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Public housing residents in Astoria and Long Island City are being nudged away from check−cashing businesses and toward the financial mainstream by a coalition of community activists, elected officials and municipal agencies.
The Amalgamated Bank branch at 21st Street and 36th Avenue is now accepting residents’ rent payments to the New York City Housing Authority, the first bank in Queens to offer the service. Officials hope this will reduce the amount of fees residents pay to check cashiers and encourage them to open their own bank accounts.
Douglas Apple, head of NYCHA, said that half of the 18,000 residents of Astoria, Queensbridge and Ravenswood pay their rent by taking their paychecks to a check−cashing store.
“They do this because they don’t have any other options in their community,” he said.
City Councilman Eric Gioia (D−Sunnyside), who with state Assemblywoman Catherine Nolan (D−Sunnyside), helped bring the bank to the area a year ago, praised the program.
“When you’re out of the financial mainstream, you have no shot,” Gioia said. “You can’t get a credit card, let alone a mortgage. Amalgamated coming to the neighborhood is really transformative.”
Nolan emphasized the importance of revitalizing all parts of a community.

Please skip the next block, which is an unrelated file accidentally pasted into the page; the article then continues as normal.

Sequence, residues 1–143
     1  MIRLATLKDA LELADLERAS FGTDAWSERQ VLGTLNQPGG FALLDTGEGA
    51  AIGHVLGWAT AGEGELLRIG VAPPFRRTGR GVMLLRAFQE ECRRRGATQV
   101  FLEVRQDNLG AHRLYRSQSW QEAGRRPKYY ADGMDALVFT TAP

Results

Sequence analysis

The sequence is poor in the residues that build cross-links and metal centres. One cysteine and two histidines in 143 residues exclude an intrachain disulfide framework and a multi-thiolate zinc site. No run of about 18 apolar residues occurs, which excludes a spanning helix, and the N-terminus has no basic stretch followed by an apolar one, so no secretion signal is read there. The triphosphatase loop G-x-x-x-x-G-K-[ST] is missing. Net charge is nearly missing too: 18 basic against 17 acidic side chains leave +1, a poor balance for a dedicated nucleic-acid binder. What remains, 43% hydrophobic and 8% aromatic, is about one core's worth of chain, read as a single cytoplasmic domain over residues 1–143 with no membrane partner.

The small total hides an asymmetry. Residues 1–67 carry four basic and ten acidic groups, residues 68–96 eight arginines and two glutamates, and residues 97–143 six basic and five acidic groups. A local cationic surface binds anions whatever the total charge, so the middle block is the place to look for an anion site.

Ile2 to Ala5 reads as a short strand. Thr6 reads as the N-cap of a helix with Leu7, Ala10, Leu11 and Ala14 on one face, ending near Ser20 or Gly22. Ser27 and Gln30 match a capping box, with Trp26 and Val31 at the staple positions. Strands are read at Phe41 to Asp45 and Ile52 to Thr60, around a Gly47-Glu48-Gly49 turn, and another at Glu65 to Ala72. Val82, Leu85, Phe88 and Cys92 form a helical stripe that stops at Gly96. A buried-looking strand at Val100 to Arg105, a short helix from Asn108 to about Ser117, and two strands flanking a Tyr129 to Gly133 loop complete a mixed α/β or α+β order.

“You cannot neglect the financial side,” she said.
The new program augments the efforts of the East River Development Corp. to educate public housing residents financially.
Bishop Mitchell Taylor, director of the nonprofit group and pastor of the Center for Hope International Church in Long Island City, said he grew up in the projects and often rode his bike along the cobblestone streets in western Queens.
“The only financial icon I ever saw was a check−cashing place,” he said. “And it was right next to a liquor store”
The Amalgamated branch was brought to the area after Taylor and tenant leaders in the projects organized a march to protest the lack of banking options in the area in 2005. Shortly afterwards, the state established an incentive program to encourage banks to open in lower−income areas. The Amalgamated branch took over a vacant Kentucky Fried Chicken restaurant.
“We went from chicken to checking,” Taylor said, noting 208 bank accounts have been opened by public housing residents in the year since the bank was launched.
Queensbridge resident Annie Norman, 70, said many of her neighbors did not have bank accounts and those who did were forced to go elsewhere to conduct transactions.
“I think it’s wonderful,” she said. There are a lot of people who took the bus to the bank on Steinway [Street] or Broadway. This is so convenient.”
Reach reporter Jeremy Walsh by e−mail at firstname.lastname@example.org or by phone at 718−229−0300, Ext. 154.
©2008 Community Newspaper Group
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